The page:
Saturday, January 30, 2010

The Power of Story

I discovered the power of story when my two daughters were toddlers. I saw how much children love stories and learn from them. My most telling moment came, however, when I was lecturing my daughter about not hitting her sister. She literally covered her ears. But then, in a flash of inspiration, I said, “Once upon a time, there was a little girl who hit her sister. Her mommy said, ‘Don’t hit your sister—that hurts.’” Astonishingly she unplugged her ears and listened! I wasn’t talking about her—I was telling a story.

This story didn’t miraculously change my daughters’ interactions, but it did change me. I soon learned that a willing audience met even my sorriest, told-in-desperation-to manage-a-crisis stories. This, in turn, motivated me to strive for better storylines.

Children are not the only ones who love, retain, and are influenced by stories—we all are. People will zone out on the statistics from a power-point presentation, but muse for days about a human-interest story that captures the essence of the same point. And, in a deeper sense, we’re all influenced by the everyday anecdotes, books, movies, cultural stories, and universal archetypes that soar through our psyches.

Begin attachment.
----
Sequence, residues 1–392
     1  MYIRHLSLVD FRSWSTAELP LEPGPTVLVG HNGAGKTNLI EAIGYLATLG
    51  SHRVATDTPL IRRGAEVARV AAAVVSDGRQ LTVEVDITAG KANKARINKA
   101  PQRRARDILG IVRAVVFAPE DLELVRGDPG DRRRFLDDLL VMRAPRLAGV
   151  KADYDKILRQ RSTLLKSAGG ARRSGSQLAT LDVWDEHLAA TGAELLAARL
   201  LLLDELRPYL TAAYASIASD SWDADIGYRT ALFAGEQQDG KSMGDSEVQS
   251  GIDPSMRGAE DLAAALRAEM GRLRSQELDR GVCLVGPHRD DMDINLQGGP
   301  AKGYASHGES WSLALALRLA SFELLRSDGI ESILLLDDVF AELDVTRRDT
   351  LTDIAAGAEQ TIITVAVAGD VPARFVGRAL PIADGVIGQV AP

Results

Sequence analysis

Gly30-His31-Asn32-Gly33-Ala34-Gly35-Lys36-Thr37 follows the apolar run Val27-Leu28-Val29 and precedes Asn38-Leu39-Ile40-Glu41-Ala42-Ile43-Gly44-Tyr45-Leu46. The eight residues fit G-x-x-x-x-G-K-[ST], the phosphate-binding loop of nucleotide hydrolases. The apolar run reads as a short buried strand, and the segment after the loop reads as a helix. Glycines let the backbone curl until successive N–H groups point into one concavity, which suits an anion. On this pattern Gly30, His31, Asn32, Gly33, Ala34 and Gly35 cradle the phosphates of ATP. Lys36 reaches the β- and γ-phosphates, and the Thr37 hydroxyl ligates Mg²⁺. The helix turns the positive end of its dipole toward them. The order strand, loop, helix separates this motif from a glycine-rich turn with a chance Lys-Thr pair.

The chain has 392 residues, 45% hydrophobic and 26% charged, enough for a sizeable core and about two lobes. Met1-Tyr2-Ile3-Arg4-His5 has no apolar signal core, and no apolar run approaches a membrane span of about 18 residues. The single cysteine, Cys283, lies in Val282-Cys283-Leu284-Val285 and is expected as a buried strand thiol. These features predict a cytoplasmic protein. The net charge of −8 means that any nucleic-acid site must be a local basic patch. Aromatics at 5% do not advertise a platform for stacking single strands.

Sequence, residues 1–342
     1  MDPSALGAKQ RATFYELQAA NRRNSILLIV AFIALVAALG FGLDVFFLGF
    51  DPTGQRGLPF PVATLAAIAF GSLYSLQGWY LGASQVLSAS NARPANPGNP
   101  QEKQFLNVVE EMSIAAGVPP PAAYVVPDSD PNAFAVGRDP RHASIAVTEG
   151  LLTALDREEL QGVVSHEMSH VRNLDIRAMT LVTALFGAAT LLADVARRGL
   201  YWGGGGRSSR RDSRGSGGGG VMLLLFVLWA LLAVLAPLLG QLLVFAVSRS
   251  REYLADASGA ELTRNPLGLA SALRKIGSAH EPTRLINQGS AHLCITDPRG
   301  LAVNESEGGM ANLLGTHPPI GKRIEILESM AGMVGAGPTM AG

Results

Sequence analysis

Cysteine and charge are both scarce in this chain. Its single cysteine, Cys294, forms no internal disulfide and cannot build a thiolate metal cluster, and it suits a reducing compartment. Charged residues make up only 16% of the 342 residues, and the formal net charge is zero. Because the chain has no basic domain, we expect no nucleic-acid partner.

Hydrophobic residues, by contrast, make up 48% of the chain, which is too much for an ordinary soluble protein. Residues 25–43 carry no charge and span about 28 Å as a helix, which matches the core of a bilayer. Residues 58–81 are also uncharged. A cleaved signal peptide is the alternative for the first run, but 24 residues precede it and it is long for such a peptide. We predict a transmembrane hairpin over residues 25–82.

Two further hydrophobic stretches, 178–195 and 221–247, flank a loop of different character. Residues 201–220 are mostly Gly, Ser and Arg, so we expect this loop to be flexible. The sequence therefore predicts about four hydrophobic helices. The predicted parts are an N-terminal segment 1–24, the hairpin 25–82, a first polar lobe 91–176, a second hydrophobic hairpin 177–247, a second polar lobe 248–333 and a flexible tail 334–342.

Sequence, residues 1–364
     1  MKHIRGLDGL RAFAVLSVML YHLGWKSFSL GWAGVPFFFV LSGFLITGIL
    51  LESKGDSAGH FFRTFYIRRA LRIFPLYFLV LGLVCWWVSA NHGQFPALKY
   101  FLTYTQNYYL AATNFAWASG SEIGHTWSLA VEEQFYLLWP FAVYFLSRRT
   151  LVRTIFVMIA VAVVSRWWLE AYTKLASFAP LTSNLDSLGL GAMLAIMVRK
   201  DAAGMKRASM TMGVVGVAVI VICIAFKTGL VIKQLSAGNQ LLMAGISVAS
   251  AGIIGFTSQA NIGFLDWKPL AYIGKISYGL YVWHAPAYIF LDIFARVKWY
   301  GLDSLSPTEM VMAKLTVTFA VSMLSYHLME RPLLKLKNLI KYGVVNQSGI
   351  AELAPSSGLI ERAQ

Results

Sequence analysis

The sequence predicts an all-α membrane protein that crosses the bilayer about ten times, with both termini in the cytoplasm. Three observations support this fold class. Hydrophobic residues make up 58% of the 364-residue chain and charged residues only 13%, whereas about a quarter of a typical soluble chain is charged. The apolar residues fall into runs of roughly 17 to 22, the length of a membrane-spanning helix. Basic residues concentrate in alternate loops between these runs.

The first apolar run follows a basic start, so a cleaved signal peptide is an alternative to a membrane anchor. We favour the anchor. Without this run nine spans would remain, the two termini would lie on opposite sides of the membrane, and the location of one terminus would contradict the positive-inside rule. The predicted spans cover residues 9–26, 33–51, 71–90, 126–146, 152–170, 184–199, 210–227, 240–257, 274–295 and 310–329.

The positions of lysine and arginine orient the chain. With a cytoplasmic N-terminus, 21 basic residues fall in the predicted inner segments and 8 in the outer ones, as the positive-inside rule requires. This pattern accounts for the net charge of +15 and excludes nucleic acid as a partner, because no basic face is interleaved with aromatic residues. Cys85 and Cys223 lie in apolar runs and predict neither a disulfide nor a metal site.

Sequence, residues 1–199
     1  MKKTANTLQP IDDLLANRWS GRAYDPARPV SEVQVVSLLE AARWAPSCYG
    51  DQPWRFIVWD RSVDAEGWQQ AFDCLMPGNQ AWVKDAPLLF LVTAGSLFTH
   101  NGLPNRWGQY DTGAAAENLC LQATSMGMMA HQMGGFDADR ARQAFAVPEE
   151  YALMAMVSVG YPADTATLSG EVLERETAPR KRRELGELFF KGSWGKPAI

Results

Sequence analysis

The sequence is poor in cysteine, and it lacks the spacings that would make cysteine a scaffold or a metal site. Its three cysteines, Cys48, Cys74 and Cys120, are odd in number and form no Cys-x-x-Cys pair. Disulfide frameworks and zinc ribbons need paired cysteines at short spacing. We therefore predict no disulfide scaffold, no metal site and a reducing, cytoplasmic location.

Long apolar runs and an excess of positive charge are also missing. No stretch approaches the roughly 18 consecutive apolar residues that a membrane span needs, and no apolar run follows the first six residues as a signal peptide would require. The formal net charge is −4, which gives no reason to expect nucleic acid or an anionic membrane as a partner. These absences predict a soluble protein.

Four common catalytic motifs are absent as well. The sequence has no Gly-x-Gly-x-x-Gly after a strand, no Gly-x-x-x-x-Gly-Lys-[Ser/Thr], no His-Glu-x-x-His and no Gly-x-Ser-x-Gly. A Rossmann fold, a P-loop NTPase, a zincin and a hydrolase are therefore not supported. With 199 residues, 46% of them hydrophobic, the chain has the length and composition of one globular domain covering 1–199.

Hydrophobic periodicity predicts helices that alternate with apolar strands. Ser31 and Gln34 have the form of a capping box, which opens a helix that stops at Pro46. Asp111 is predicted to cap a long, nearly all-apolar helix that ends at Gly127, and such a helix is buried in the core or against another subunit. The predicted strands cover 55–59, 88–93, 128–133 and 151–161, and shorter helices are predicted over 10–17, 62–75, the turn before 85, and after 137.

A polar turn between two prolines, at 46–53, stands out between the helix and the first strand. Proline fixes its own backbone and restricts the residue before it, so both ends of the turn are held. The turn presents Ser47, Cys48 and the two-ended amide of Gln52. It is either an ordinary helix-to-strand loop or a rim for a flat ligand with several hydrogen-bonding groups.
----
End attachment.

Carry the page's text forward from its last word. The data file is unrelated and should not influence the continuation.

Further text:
Of course, people can use stories to inspire for good or for ill. I dedicate this blog to all those who write or tell stories that, in their own way, make the world a better place.


  1. Hey Friend! Congratulations on your blog. Wonderful premise. I'm wishing you lots and lots of success. Cheers, Bettelynn

  2. what a great blog idea. I love stories, I can remember my grandmother telling us stories, which led me to later want to discover her native land on my own. I'll be checking here for good books to read.

  3. Yes, stories definitely don't have to be published for them to have a huge impact on the listeners! A grandmother passing on stories is a great example.